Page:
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Counterpoint-rhythm



[sing-kuh-pey-shuh n, sin-] /ˌsɪŋ kəˈpeɪ ʃən, ˌsɪn-/

noun
1.
Music. a shifting of the normal accent, usually by stressing the normally unaccented beats.
2.
something, as a rhythm or a passage of music, that is .
3.
Also called counterpoint, counterpoint rhythm. Prosody. the use of rhetorical stress at variance with the metrical stress of a line of verse, as the stress on and and of in Come praise Colonus’ horses and come praise/The wine-dark of the wood’s intricacies.
4.
Grammar. .
[koun-ter-point] /ˈkaʊn tərˌpɔɪnt/
noun
1.
Music. the art of combining melodies.
2.
Music. the texture resulting from the combining of individual melodic lines.
3.
a melody composed to be combined with another melody.
4.
Also called counterpoint rhythm. Prosody. (def 2).
5.
any element that is juxtaposed and contrasted with another.
verb (used with object)
6.
to emphasize or clarify by contrast or juxtaposition.
/ˈkaʊntəˌpɔɪnt/
noun
1.
the technique involving the simultaneous sounding of two or more parts or melodies
2.
a melody or part combined with another melody or part See also descant (sense 1)
3.
the musical texture resulting from the simultaneous sounding of two or more melodies or parts
4.
strict counterpoint, the application of the rules of counterpoint as an academic exercise
5.
a contrasting or interacting element, theme, or item; foil
6.
(prosody) the use of a stress or stresses at variance with the regular metrical stress
verb
7.
(transitive) to set in contrast
/ˌsɪŋkəˈpeɪʃən/
noun
1.
(music)

2.
another word for syncope (sense 2)
n.

early 15c., of stitching, from Old French cuilte contrepointe “quilt stitched through and through,” altered from coute pointe, from Medieval Latin culcita puncta “quilted mattress,” from Latin culcita “cushion” + puncta, fem. past participle of pungere “to prick, stab” (see pungent).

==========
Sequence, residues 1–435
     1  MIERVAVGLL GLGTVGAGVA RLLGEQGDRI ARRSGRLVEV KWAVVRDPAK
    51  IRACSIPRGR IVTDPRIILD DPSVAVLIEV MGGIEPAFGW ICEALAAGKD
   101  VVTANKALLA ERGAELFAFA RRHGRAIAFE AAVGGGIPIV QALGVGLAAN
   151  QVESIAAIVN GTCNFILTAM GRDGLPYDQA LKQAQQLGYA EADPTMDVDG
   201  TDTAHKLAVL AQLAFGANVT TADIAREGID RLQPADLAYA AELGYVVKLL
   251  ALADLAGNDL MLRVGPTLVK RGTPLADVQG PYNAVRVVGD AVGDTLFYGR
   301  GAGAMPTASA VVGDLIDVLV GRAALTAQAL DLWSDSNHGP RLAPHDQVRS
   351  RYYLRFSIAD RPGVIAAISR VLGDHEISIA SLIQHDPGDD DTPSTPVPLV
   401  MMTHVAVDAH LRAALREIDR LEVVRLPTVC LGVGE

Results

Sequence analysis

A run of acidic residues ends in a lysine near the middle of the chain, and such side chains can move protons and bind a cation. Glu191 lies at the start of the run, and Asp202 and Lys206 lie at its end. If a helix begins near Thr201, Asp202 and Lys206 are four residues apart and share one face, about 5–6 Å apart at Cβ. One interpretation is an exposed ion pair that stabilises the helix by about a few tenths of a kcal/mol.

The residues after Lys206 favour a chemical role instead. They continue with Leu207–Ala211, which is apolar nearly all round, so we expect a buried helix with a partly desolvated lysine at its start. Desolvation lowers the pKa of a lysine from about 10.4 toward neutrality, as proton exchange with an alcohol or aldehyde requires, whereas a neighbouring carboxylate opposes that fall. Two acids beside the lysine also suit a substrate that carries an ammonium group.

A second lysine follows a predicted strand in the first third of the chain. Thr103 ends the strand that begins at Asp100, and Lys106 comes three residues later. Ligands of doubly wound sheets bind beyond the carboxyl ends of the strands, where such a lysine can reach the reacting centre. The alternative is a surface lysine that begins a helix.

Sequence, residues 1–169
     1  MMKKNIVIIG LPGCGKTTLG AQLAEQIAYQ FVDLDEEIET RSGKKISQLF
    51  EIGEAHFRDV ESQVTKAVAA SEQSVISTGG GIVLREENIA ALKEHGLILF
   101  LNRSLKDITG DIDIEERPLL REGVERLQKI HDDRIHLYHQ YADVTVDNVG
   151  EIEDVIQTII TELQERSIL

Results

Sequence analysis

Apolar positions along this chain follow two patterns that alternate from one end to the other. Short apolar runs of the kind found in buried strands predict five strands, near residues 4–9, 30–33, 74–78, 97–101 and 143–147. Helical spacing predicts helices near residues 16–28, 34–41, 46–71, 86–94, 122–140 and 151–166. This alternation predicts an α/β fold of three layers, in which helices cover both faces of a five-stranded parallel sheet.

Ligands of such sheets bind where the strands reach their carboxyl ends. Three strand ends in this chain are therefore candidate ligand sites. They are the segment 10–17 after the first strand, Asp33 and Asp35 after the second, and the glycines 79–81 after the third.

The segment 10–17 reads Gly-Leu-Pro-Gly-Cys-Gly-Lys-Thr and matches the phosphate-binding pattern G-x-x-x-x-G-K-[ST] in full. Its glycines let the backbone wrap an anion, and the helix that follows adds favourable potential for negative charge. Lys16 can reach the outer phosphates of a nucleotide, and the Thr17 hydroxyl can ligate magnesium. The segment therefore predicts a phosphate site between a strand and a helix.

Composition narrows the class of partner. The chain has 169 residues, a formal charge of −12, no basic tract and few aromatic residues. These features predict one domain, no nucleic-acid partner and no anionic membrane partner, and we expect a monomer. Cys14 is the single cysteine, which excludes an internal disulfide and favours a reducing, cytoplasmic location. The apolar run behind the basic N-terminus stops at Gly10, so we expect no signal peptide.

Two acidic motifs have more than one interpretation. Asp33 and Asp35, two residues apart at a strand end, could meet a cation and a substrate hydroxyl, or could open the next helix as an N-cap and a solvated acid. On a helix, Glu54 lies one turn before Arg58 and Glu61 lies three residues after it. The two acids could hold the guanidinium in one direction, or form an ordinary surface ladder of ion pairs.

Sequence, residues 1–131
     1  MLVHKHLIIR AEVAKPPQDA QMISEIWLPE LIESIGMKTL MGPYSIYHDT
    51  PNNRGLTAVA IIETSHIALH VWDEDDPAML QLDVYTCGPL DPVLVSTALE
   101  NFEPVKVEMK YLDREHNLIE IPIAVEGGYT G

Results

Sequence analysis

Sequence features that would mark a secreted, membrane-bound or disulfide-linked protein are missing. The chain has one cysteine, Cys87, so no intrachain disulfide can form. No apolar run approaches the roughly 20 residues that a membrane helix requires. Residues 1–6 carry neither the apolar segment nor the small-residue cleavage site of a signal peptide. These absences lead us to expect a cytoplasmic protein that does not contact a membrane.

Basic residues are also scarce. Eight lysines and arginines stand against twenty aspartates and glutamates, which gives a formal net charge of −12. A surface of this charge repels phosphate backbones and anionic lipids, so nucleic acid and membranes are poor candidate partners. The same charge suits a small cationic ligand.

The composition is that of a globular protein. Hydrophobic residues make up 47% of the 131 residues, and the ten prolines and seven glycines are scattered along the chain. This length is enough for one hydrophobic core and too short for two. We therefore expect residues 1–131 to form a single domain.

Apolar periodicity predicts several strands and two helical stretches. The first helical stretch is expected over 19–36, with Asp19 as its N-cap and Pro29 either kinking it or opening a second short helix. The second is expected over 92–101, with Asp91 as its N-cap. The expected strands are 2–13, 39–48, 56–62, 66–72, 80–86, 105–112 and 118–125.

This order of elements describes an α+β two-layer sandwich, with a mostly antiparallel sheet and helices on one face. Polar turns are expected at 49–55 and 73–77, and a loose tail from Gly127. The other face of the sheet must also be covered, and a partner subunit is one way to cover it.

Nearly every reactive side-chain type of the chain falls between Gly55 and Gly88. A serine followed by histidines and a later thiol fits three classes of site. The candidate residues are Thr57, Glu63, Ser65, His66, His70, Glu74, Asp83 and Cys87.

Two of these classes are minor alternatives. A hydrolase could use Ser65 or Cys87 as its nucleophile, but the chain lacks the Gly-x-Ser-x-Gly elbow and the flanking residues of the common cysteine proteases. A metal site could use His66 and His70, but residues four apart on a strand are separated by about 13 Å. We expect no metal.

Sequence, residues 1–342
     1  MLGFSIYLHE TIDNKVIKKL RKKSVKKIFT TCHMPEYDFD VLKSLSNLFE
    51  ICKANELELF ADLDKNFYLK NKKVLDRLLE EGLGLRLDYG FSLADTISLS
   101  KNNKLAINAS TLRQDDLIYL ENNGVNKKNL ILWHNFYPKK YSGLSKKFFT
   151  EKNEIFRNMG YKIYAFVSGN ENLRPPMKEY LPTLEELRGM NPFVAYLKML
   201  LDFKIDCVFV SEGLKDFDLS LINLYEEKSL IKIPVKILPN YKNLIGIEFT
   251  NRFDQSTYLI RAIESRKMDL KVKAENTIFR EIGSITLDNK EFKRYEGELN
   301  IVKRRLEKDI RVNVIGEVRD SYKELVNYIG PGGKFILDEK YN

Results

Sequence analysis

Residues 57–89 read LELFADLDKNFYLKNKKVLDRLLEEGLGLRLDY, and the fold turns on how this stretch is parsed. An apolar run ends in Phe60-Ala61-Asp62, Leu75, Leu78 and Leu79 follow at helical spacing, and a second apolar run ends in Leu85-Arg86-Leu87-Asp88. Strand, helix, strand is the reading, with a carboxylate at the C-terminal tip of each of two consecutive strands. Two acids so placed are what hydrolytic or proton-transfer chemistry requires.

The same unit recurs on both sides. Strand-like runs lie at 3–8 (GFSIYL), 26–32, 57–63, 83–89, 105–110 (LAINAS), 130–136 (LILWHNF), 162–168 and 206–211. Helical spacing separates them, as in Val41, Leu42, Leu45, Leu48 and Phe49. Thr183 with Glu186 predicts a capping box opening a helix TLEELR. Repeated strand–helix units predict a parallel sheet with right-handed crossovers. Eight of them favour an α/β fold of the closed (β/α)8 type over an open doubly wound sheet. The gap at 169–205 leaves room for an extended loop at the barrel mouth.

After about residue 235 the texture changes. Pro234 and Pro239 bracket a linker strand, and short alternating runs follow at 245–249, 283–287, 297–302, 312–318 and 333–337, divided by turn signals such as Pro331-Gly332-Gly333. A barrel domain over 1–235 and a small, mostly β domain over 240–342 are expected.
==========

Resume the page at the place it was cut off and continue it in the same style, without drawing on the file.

Of music, mid-15c., from Old French contrepoint, from Medieval Latin cantus contrapunctus, from contrapunctum, from Latin contra + puncta, with reference to the indication of musical notes by “pricking” with a pointed pen over or under the original melody on a manuscript.
n.

1530s, “contraction of a word by omission of middle sounds,” from Medieval Latin syncopationem (nominative syncopatio) “a shortening or contraction,” from syncopare “to shorten,” also “to faint away, to swoon,” from Late Latin syncope (see syncope). Musical sense is attested from 1590s.

The use of two or more melodies at the same time in a piece of music; it was an important part of baroque music. Certain composers, such as Johann Sebastian Bach, have been especially skillful at counterpoint.

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